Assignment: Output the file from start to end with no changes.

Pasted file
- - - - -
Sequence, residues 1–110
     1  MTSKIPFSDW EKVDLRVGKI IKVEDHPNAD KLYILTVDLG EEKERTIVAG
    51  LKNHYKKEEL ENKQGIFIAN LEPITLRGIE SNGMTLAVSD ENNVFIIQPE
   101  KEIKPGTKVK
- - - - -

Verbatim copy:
Sequence, residues 1–110
     1  MTSKIPFSDW EKVDLRVGKI IKVEDHPNAD KLYILTVDLG EEKERTIVAG
    51  LKNHYKKEEL ENKQGIFIAN LEPITLRGIE SNGMTLAVSD ENNVFIIQPE
   101  KEIKPGTKVK